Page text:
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E.F. Bertrand, C. Fritsch, K. Schmid, P. Schmid, D. Müller, P. Schindler, H. Towbin, J. van Oostrum, G.N. Lambrou, H. Voshol; Ocular Axial Growth Control and Proteomics: Differential Protein Expression in an Experimental Animal Model . Invest. Ophthalmol. Vis. Sci. 2005;46(13):3331.
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© ARVO (1962-2015); The Authors (2016-present)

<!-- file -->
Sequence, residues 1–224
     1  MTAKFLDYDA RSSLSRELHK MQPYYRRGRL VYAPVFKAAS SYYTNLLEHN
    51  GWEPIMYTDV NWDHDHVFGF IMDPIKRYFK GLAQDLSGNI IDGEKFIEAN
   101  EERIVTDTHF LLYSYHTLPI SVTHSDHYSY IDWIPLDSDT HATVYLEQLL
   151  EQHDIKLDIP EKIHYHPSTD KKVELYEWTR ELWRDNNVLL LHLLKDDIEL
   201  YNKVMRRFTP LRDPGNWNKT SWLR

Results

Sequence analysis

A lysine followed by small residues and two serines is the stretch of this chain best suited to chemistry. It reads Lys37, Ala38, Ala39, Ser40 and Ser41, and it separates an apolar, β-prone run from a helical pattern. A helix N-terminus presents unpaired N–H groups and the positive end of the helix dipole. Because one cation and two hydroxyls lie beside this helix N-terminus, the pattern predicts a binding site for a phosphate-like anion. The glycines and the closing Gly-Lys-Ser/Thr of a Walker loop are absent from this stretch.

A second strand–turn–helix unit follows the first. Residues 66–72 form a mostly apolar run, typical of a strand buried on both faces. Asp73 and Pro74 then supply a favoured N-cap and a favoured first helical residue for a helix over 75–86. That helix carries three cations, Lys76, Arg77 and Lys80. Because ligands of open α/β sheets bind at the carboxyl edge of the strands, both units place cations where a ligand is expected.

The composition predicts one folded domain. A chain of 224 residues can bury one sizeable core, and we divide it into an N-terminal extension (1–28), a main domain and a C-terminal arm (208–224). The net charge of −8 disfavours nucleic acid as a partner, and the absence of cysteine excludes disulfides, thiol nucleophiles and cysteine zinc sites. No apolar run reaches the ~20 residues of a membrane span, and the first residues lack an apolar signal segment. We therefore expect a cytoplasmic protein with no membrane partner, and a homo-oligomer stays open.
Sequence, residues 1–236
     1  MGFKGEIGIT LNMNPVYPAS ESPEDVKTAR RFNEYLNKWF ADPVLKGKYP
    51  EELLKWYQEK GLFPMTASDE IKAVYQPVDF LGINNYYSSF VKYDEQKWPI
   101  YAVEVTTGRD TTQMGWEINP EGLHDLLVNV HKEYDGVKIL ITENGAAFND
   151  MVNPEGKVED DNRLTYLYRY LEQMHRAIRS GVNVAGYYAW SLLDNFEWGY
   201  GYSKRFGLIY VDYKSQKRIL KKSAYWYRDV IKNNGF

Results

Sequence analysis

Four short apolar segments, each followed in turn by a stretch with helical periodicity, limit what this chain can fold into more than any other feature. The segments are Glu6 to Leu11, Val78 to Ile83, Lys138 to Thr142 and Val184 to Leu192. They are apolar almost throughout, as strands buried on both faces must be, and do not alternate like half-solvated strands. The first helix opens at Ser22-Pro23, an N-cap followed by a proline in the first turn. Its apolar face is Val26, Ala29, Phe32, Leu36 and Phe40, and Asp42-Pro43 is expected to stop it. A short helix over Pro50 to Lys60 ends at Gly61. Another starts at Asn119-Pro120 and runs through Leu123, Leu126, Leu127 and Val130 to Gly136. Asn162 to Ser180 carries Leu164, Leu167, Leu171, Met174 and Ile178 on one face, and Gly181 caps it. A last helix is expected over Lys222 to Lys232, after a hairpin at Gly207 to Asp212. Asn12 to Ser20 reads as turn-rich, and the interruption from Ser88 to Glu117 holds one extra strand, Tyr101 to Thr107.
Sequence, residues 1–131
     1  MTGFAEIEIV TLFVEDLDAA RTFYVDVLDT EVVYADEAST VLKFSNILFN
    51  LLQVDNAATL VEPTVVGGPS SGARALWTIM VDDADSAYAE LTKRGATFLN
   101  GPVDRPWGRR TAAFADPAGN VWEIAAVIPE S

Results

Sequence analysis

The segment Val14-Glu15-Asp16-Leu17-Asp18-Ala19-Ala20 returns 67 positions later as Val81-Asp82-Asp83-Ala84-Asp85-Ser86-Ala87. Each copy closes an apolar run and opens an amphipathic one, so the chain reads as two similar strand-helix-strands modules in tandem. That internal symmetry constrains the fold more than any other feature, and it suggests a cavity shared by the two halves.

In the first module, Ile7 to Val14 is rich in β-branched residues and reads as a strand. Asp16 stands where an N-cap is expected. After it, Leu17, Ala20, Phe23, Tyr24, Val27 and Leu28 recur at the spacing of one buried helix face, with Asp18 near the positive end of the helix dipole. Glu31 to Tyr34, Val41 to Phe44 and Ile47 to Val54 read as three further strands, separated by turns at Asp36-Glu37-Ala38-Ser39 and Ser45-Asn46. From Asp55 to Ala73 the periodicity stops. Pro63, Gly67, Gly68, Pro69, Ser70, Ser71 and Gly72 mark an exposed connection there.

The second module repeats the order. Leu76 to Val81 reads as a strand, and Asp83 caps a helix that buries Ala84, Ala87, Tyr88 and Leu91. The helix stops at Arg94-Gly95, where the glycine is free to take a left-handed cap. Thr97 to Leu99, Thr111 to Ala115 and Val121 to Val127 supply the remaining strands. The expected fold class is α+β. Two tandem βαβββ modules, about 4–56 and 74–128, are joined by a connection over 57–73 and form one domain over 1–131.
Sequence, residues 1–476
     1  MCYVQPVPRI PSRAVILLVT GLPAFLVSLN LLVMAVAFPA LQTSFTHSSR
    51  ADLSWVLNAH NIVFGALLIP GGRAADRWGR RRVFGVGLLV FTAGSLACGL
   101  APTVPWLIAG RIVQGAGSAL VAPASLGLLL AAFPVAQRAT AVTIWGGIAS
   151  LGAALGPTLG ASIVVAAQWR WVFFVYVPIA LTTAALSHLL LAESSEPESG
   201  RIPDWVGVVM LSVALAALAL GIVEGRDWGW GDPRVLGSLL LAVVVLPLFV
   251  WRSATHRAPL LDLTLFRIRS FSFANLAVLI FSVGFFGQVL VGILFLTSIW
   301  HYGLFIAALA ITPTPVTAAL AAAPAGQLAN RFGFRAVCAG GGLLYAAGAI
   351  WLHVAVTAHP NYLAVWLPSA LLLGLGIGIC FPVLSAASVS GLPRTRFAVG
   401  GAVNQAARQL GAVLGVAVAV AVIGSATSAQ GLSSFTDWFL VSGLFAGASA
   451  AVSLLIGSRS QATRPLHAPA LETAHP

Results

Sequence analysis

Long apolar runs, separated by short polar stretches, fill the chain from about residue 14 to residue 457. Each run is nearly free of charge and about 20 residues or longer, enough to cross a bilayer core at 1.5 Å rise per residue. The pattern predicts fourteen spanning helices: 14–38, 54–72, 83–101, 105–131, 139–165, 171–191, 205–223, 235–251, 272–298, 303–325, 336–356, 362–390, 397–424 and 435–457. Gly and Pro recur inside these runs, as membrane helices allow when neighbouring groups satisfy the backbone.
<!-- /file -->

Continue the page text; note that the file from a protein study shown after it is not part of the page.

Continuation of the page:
Purpose: Ocular axial length is an essential parameter of eye function. It is tightly controlled by an active process called emmetropization which sets the focal plane of the eye onto the retina. The growth process seems to be controlled by the retina, which sends signals to other eye structures. According to a common working hypothesis, the signal has two components: a default ‘GROW’ inducing signal and a ‘STOP’ growth inhibitory signal. Disturbance of emmetropization leads to defocus and vision impairment as the focal plane drifts behind (hyperopia) or in front of (myopia) the retina. In an effort to analyze the molecular mechanisms of axial growth control, we undertook an extensive proteome analysis of the retina in a chick model using high–resolution 2D gel electrophoresis and mass spectrometry (MS). Methods: Chicks were subjected to three types of applications: goggles and negative lenses which induce an elongation of the ocular globe (myopia) and positive lenses which induce a shortening of the ocular globe (hyperopia). A 2D–gel–based differential expression analysis was performed using a range of narrow–range pH gradient strips for the first dimension. Results: On a total of 37 differentially expressed spots, 32 were successfully analyzed by MS methods. Many of the identified spots are variants of the same protein, so the 32 identified spots correspond to 18 different proteins. Half of those are structural proteins (e.g. vimentin, tubulins), reflecting the morphological changes that take place during elongation of the eye. In addition, we found 2 proteins that display a profile corresponding to a ‘STOP’ signal (i.e. increased expression in Lens Induced Hyperopia) and 5 that display a profile corresponding to a ‘GROW’ signal (i.e. increased expression in Lens Induced Myopia or Form Deprivation). For confirmation and validation, we have been focusing on proteins with the most specific expression profiles and have, so far, confirmed one with a ‘STOP’ profile and another with a ‘GROW ’ profile. Conclusions: Our results support the existence of ‘GROW’ and ‘STOP’ signals in the retina which mediate axial eye growth on protein level and are interesting entry points for further investigations.
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